The Factors That Will Contribute to the Bursting of Housing Bubble 2

Wolf Street  ( Original )
FEB 22, 2018

The subprime housing bubble was marked by a number of outright absurdities; anyone living in Las Vegas at the time can tell you about the cab driver boasting about having just “bought” (via zero down and a mortgage obtained with fictitious income information and a more-than-willing mortgage broker seeking his fee no matter what) his sixth investment property.

And though there isn’t a single bubble-inflator as flagrant as there was back then, the data is striking:

So with home prices surging for years and with mortgage rates now spiking, what gives?

Today the National Association of Realtors reported that sales of existing homes fell 4.8% year-over-year in January – the “largest annual decline since August 2014,” it said – even as the median price rose 5.8% year-over-year to $240,000.

Homeowners have a number of financial and tax reasons for not wanting to sell, including:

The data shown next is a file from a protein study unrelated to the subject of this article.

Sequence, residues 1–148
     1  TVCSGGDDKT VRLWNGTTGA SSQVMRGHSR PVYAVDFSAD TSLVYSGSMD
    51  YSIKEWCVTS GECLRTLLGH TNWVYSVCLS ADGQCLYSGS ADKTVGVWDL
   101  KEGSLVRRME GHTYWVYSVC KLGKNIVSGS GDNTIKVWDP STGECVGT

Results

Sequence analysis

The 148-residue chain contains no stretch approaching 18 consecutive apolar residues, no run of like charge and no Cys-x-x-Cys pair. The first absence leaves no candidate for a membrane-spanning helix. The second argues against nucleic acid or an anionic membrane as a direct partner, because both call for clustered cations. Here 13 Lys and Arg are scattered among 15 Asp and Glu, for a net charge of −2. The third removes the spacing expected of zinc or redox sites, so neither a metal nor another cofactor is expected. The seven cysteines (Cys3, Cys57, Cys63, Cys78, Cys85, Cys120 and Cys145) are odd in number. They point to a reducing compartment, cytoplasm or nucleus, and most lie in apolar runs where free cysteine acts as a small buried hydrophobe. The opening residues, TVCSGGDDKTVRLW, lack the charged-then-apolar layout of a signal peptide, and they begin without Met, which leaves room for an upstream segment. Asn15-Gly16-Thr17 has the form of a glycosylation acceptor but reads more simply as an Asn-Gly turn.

• They’d lose some or all of the tax benefits that they still enjoy with their existing mortgages that have been grandfathered into the new tax law.
  • Given the higher mortgage rates that they would have to deal with on a new mortgage (which might exceed their existing rate by a good margin after repeated refinancing on the way down), and given the high prices of homes on the market, they might not be able to afford to move to an equivalent home, and thus cannot afford to sell.

If the Fed raises rates four times this year, and if the yield curve steepens even a little to edge back toward a normal-ish range, as I expect it to, average interest rates for conforming mortgages may well be around 6% by year-end. And that, I think, would mark the real pain threshold for the housing market.

ORIGINAL SOURCE: What will Spiking Mortgage Rates, High Home Prices, & the New Tax Law Do to the Housing Market? by Wolf Richter at Wolf Street on 2/21/18